Hold on to your wallets if feds build train

Four years ago, sponsors of the DesertXpress high-speed train between Las Vegas and Victorville, Calif., proposed to build the project with $3.5 billion raised entirely from private sources.

While sensible observers might have warned that modern rail lines rarely attract more than half their estimated ridership (see the findings of Oxford University professor Bent Flyvbjerg), and that costs of such projects sometimes exceed projections, who could object to private entrepreneurs risking their own capital -- and standing to rake in the profits if they succeeded?

Fast forward four years, and the current proposal is for the federal government -- already borrowing 40 cents of every dollar it spends -- to pick up most of the cost of a project designed to bring Los Angeles tourists (who would have to drive as far as Victorville, then park) the 188 remaining miles to Las Vegas.

Technically, this would be a loan. Like the one that financed the Las Vegas Monorail, only much bigger.

Of course, the estimated construction cost has increased over the past four years by 85 percent, to $6.5 billion.

The current proposal envisions fund coming from the Federal Railroad Administration, which generally provides financing for new freight spur lines, reconfiguring switching yards, things like that. The loan in question would be four times larger than all the loans the agency has made, nationwide, over the past 10 years.

To make all this pencil out as viable, DesertXpress sponsors have to assume about two-thirds of all current Southern California visitors to Las Vegas -- both those who drive and those who fly -- would switch to taking the train, paying $110 for a round-trip ticket.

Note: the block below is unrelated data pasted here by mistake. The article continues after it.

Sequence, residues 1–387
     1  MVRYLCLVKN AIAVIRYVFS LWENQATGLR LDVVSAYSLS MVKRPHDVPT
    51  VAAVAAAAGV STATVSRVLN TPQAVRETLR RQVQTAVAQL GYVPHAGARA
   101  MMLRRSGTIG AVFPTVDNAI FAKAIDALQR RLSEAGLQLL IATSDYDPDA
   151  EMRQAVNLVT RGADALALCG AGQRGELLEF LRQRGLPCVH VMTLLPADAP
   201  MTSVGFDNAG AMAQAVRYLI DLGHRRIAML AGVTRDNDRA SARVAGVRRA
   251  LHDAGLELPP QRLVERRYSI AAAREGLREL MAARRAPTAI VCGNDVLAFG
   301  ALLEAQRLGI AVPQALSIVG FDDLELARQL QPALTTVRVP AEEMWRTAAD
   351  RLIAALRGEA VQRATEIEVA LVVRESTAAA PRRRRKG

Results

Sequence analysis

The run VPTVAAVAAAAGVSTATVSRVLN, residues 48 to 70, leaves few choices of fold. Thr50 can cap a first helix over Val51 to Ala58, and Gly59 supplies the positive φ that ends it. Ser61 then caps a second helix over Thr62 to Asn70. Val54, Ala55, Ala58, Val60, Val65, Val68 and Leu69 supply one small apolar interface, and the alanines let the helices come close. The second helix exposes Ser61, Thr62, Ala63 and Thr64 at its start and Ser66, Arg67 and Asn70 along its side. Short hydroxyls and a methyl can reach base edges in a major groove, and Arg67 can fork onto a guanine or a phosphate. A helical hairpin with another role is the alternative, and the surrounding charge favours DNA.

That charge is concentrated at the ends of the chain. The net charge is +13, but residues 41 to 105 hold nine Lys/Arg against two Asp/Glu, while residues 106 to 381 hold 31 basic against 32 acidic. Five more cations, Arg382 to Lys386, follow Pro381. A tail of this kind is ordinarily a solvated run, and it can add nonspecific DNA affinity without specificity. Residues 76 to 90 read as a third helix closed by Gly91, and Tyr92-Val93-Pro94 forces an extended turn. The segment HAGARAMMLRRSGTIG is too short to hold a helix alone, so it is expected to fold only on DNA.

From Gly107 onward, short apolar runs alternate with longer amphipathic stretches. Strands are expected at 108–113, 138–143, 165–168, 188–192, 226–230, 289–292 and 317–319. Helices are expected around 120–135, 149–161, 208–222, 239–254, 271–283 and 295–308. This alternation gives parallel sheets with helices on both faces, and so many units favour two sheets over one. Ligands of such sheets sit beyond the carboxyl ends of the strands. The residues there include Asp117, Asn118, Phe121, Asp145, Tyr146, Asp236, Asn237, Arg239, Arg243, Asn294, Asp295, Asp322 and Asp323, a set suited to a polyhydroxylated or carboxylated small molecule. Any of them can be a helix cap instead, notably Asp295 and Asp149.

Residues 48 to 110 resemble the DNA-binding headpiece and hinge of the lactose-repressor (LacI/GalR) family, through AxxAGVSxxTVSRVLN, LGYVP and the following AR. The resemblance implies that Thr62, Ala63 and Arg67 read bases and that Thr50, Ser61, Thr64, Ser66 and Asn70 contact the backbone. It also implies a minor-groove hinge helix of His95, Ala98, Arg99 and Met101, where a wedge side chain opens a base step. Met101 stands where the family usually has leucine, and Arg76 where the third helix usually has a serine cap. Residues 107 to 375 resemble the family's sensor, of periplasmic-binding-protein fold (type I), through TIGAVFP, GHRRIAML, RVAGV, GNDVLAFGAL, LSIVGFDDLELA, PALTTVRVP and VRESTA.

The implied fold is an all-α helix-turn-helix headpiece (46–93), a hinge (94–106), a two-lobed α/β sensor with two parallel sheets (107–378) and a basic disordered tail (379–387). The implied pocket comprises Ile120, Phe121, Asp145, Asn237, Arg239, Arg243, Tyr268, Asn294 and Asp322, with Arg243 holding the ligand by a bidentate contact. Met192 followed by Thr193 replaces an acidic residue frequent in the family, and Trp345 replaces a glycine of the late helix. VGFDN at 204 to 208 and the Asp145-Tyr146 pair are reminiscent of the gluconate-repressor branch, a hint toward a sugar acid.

Furthermore, DesertXpress estimates it can build its line for about $35 million per mile. The job can be done for less than the $55 million to $133 million per mile which the World Bank considers normal, promoters explain, because the new train would use government-owned right-of-way along Interstate 15, further avoiding steep climbs and sharp turns.

However, NDOT estimates adding an extra lane in each direction to the existing interstate would cost only $5 million per mile -- $750 million to make I-15 a six-lane highway from the state line to Victorville. And some of that would presumably be recoverable from truck taxes.

Again, if private entrepreneurs want to risk their own capital, more power to them. But the 2010 World Bank report warns ticket sales on high-speed rail lines are lucky to cover operating costs: Governments "should also contemplate the near certainty of copious and continuing budget support for debt."

The question then becomes: Is this a sensible use of federal taxpayer funds?

The answer seems obvious.